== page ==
Case Name: City of Chicago v. Morales
Citation: 527 U.S. 41 (1999)
Facts: Chicago enacted the Gang Congregation Ordinance prohibiting “criminal street gang members” from “loitering” with one another in any public case.
The offense required four predicates:
- Police officer must reasonably believe that at least one of the people is a criminal street gang member
- The people must be “loitering” – defined as – “remaining in any one place with no apparent purpose”
- The officer must order all of the people to disperse and remove themselves from the area
- A person must disobey the officer’s order
Issue: Whether the ordinance violates the Due Process Clause of the 14th Amendment
City’s argument: The person receives adequate notice once the officer tells him to disperse. Also, crime went down when the ordinance was enacted (footnote). Police officers need discretion.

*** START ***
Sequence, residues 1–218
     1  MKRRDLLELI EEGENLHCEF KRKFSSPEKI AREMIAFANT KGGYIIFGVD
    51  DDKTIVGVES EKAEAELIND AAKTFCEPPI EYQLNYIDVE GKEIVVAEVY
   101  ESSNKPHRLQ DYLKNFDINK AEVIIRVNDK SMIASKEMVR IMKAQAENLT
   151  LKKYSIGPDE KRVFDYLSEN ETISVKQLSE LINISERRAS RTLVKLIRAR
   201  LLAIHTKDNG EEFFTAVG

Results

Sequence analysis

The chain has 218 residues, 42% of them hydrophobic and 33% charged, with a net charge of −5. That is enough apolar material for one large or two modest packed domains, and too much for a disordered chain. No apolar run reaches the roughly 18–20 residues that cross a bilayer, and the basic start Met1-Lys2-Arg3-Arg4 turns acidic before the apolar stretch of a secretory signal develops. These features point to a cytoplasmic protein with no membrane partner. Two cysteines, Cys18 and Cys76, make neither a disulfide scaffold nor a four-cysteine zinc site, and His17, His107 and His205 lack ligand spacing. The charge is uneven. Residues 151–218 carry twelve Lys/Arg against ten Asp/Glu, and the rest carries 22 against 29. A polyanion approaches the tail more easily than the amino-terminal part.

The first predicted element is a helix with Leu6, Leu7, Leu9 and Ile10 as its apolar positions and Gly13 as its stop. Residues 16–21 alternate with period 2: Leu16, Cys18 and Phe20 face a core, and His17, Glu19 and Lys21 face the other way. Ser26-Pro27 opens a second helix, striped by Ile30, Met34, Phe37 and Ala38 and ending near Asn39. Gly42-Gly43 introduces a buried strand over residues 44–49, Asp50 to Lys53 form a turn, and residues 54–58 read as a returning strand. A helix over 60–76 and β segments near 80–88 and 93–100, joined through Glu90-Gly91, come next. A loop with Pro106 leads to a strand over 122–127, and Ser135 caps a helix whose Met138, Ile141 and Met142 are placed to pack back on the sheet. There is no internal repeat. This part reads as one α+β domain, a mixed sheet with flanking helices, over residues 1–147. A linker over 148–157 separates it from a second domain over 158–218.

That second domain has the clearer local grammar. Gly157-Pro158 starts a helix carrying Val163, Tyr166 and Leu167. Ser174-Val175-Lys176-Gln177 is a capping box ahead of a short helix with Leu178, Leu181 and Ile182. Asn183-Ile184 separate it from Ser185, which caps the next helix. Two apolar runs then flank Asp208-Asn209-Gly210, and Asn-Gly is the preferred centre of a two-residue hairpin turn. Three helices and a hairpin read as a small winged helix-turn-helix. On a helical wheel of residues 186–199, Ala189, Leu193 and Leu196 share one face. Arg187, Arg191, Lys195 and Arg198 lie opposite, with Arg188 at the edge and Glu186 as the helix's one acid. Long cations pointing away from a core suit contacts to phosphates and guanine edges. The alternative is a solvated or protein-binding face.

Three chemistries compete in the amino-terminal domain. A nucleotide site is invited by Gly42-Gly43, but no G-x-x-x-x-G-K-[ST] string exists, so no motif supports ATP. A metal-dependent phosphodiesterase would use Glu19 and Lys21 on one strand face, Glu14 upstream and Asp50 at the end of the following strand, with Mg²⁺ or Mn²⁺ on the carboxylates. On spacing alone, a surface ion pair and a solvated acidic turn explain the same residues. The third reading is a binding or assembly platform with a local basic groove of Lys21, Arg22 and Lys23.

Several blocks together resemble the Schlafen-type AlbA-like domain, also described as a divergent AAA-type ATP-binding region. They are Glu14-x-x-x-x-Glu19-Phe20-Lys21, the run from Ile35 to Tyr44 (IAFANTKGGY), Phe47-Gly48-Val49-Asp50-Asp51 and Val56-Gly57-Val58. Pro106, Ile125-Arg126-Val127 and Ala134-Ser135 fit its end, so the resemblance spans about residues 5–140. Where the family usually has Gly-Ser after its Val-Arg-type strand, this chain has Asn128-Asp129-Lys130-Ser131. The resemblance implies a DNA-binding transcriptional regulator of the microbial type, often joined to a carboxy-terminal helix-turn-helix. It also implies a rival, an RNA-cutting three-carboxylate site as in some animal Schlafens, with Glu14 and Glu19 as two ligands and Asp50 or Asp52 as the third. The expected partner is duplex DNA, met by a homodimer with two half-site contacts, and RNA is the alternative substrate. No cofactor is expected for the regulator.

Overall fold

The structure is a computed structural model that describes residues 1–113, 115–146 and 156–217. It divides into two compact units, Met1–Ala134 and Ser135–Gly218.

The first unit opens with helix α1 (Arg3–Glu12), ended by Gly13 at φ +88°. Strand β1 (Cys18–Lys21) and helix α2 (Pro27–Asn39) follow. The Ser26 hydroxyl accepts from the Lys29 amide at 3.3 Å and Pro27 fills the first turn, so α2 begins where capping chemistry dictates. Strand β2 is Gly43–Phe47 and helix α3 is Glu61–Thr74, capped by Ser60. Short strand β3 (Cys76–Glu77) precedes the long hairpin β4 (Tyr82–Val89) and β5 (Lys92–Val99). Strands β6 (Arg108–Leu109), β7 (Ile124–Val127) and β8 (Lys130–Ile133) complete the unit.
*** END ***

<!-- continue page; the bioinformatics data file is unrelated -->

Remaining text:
Defendant’s argument: The ordinance is so vague and it leaves the “public uncertain as to the conduct it prohibits.” (See example of drug dealing basketball players in footnote). An officer’s order cannot retroactively give adequate warning of the boundary between the permissible and the impermissible applications of the law. The ordinance has an overall lack of clarity and there are no guidelines for law enforcement as the ordinance gives them absolute discretion.
Holding: The city’s ordinance affords too much discretion to the police and too little notice to citizens.
Concurrence: Apparent purpose – needs a standard to go along with it
Dissent: Police/peace officers have always had discretion and have always performed the duty of preventing loitering (“move along” he calls it). Also, the majority underestimates the intelligence of the people of Chicago and whether or not they will know if the public perceives them as having no apparent purpose.